Jesus actually tells us what to do if we are to make the choice to serve God, to be holy, to be perfect.
He said we have to go beyond the walls of the laws.
We must go beyond the walls of the laws without breaking the laws.
When Paul said we have to be the temple of God, which means God is in our hearts, with Christ in our minds.
Paul said, “You belong to Christ, and Christ belongs to God.” That means, “Christ is always in your thoughts, and Christ’s thoughts are coming from God.”
You can only be holy … you can only be perfect … when you stop worrying about what you can and can’t do and just stand aside and let Christ lead your bag of flesh and bones around.
Christ makes you perfect. Not the other way around. You will never be perfect as you alone.
The walls of the laws were where the Pharisees lived. They manned the towers; and from that vantage point they could see where everyone went. They saw sinners as being the only ones who walked around outside the walls. They persecuted Jesus because they saw him there.
“Sinner!” they cried.
The Pharisees and their watchmen shouted warnings, which scared the congregation of people who were supposed to be holy … who were supposed to be individual temples of God … who were supposed to each be a priest for God.
They were scared because they felt guilt, without knowing how to make themselves stop sinning … without knowing how to not get caught. To stop living as a sinner among sinners is such a large responsibility to hold on one’s shoulders … so much stress to contend with … such an uphill climb that wears one down.
The congregation of the people of Israel always backslid and fell away from God. Like in a trance, they would wake up finding themselves mired outside the walls of the law, wallowing in sin. From guilt they would pray for forgiveness.
God would send them a judge, which would snap them back to their senses. They would rejoice for a time, then begin to pace along the walls, inside the temple of laws. Forty years later, they would repeat the same cycle of fall and rise, sin and be cleansed.
Then, the people asked Samuel to tell God they wanted a king to bear all the responsibility. They peered out beyond the temple sanctuary and saw other nations had kings. They longed for what those sinners had. They wanted a head for the Church to be the one to fight evil. They wanted an institution, like those the unholy had, to rule over them. Give us a human to be our shepherd of holiness.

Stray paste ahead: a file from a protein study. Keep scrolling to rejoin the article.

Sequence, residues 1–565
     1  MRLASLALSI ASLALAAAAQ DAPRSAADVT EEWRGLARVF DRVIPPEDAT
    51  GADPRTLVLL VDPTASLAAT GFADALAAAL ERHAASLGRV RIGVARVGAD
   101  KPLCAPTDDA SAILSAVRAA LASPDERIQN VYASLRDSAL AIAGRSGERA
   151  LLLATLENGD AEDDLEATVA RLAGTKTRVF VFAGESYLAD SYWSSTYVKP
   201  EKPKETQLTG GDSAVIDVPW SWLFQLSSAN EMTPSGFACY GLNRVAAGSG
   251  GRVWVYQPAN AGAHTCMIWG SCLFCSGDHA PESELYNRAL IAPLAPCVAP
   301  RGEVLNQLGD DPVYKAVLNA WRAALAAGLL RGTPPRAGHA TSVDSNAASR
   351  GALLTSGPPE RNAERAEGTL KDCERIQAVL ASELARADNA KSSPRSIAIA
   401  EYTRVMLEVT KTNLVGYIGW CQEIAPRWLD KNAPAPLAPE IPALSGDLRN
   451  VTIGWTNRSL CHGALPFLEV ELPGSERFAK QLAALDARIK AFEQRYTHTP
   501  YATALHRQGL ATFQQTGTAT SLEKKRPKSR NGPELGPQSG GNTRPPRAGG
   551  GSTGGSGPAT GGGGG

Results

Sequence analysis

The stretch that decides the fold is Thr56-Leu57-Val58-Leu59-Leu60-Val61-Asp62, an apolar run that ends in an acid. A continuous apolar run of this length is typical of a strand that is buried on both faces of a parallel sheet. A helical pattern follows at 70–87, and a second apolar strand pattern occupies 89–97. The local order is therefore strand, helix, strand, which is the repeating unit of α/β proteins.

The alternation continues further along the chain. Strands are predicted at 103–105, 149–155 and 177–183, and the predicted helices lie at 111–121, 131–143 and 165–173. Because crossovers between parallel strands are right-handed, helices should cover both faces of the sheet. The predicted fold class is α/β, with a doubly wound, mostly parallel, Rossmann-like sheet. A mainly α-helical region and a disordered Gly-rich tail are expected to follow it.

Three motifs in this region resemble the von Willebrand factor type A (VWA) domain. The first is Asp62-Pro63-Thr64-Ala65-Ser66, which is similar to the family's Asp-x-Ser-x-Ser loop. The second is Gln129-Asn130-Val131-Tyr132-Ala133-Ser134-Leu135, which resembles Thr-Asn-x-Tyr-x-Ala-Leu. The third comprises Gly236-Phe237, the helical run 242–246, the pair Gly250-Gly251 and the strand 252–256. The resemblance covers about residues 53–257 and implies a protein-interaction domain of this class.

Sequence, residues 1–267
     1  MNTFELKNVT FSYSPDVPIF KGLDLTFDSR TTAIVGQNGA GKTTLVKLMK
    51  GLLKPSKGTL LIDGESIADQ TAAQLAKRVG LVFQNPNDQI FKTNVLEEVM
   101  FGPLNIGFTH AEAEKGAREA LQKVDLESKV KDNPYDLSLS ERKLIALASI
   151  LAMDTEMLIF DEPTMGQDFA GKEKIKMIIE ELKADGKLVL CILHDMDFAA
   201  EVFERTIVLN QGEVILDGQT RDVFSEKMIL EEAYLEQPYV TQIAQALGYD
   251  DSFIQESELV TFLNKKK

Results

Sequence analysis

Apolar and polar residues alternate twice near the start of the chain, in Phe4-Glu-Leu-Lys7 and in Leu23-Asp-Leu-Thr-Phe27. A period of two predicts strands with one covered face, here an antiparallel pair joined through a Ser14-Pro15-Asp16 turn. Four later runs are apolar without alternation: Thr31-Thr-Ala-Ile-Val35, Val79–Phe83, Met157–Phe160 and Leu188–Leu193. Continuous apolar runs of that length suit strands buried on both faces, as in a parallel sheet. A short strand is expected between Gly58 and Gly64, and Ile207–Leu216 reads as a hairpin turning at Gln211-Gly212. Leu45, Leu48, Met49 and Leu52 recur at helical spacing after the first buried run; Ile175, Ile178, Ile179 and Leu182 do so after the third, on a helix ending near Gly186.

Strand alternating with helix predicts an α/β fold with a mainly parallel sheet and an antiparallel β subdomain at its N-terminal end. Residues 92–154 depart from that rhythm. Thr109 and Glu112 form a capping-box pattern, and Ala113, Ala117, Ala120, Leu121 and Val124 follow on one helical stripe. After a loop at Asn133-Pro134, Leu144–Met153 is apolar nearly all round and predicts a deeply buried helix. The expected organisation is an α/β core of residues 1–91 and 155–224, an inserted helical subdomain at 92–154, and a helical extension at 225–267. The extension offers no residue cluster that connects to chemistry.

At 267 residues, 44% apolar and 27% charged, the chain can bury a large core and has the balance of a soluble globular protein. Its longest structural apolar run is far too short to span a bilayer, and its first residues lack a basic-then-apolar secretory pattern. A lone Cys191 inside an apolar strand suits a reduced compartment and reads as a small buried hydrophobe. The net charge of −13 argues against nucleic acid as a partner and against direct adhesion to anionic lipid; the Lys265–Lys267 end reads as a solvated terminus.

David was a shepherd, if you recall, before he was anointed by Samuel to be the king the people sought.
They were given that, but after three kings – Saul, David and Solomon … that institution … that Church … split.
A house divided cannot stand … so both halves fell.
The problem comes from wise men are allowed to run the show. Human shepherds so often become pied pipers, offering irresponsible promises that people of herd mentality blindly follow. Human leaders can only lead everyone to ruin.
Paul warned the Corinthians, “Do not deceive yourselves.”
Do not put all your eggs in a basket that worships something less that God – like a leader, like a Church.
Paul wrote, “If you think that you are wise in this age, you should become fools so that you may become wise.”
You have to fail and admit, “Oh what a fool am I,” before you can see that nobody is going to lead you to heaven other than you.
You cannot lead yourself there without Christ in your mind and God in your heart.
You cannot get to heaven with sin between your toes and on the soles of your feet … even though you look pretty clean to the rest of us. God knows your heart. Christ knows your thoughts.
“Let no one boast about human leaders,” Job wrote. “He catches the wise in their craftiness.” “They are futile,” said Isaiah.
You will not be holy simply by following behind someone you think is holy. You will not be a temple to God simply by going into a church. You will not be perfect in your actions simply by learning the laws.
Nothing has changed since Moses first told the congregation of the people of Israel, “You are to be holy because God is holy.”
It has always been that … all or nothing.
It has been, ever since then, an exercise by the people to think of ways to change the “all or nothing” into a matter of degrees, through human cunning.
In this season of the Epiphany, with Lent rapidly approaching, it is time to have a “Come to Jesus meeting,” in the real sense of those words.
You need to realize it is all or nothing, because only with Christ leading your thoughts and God leading your heart can you walk outside the walls of this church and still be within the laws.
May God be with you.